You have two problems, the first being you failed to exclude your custom error document from being Forbidden, so any 403 becomes recursive and therefore, you're getting a 500-Server error.

Either exclude your ErrorDocuments as you have excluded robots.txt, or add a skip rule to the very beginning of your rules so that requests for robots.txt and any custom error document are never rewritten or redirected... something like

# Skip all rules for robots.txt and custom error document requests
RewriteRule ^(robots\.txt|403-error-page\.html|500-error-page\.html)$ - [L]

or just

# Skip all rules for robots.txt and custom error document requests
RewriteRule ^(robots\.txt|[0-9]{3}-error-page\.html)$ - [L]

These are just examples, and will need to be adjusted depending on how you name your custom error pages.

The original RewriteCond pattern was correct; neither ")" should be escaped. The difference between servers is likely the usage or configuration of your ErrorDocument directives.

Be *very* sure that the ErrorDocument directives specify only a local filepath; If a full URL is used, the status code returned to clients will always be a 302 redirect, and this will likely make a BIG mess of your search rankings.

Correct:
ErrorDocument 403 /errors/403-error.html
ErrorDocument 404 /errors/404-error.php
ErrorDocument 410 /errors/410-error.php

Dangerously wrong:
ErrorDocument 403 http://example.com/errors/403-error.html
ErrorDocument 404 403 http://example.com/errors/404-error.php
ErrorDocument 410 403 http://example.com/errors/410-error.php

I strongly recommend *not* using a custom error document for 500-Server errors, or that if one is used, that it be a purely-static HTML page. Otherwise, you can end up with a recursive error if any error is made in either the server configuration, the script used to handle errors, or the script interpreter itself or or its configuration... basically, any of these errors just causes more 500 errors, and an 'infinite' loop. Makes finding the real problem just that much more difficult.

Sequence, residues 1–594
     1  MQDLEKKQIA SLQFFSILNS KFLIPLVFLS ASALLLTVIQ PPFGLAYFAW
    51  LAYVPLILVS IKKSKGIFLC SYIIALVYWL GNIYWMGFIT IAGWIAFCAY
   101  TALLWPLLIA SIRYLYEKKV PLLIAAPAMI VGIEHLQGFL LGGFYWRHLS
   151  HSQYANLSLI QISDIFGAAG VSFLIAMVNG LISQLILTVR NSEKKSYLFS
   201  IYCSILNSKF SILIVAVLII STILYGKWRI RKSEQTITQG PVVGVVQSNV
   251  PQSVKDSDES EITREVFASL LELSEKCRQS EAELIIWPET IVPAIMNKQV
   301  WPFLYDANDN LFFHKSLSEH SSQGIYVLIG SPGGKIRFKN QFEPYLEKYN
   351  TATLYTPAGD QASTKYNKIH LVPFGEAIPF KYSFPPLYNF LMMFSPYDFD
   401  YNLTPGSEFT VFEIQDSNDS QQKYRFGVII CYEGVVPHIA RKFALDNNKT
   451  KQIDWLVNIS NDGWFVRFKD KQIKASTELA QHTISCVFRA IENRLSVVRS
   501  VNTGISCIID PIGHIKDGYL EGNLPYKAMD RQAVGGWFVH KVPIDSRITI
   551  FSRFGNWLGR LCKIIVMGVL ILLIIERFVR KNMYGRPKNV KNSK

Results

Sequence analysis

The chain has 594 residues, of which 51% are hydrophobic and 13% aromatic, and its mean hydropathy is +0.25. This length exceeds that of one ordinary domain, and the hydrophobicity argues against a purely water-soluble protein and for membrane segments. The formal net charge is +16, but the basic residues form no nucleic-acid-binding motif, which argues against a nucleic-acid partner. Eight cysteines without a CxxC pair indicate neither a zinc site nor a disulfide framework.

BTW, if you do not have direct access to your own error log file, then it is either time to find a new host or time to stop using any .htaccess code or scripts. As it is (with your host claiming that the error log is 'theirs') you are basically taking a big risk every time you tweak your .htaccess file or upgrade a script. No serious troubleshooting is possible without error log file access, and most modern hosts provide this capability to their customers... Personally, I will not become involved with any projects where the error log is not directly and immediately available...

Jim

Mokita




msg:4286188
 10:18 am on Mar 23, 2011 (gmt 0)

Hi Jim,

Sorry about the delayed reply, I've been away.

Many thanks - you've solved it for me. The misbehaving rewrite rules did not have ErrorDocuments excluded.

Those rules worked for years on the old server, so I didn't realise they needed to be.

Also, I don't use a custom 500 error doc, and the paths to the 4xx ones were exactly as you say they should be.

With regard to accessing the Error Log file - we have cPanel which does show most errors for a short while. But the Log details I quoted above, came from the full actual (shared) server log that is only accessible to our host. I don't think there is any Host that allows access to those.

And interestingly the cPanel Error Log, did not show anything at all when the looping 403 turned into a 500 error. That was another thing that added to my confusion.

Thanks again for your help - much appreciated!

jdMorgan




msg:4288781
 11:33 pm on Mar 28, 2011 (gmt 0)

> I don't think there is any Host that allows access to those.

Many hosts provide raw error logs. They simply 'sort' the entries in the common error log into separate files, one for each virtual-host user. This is usually done more-or-less in real-time, or on a schedule, like every ten minutes. It's not particularly challenging, but some hosts just don't bother.

Jim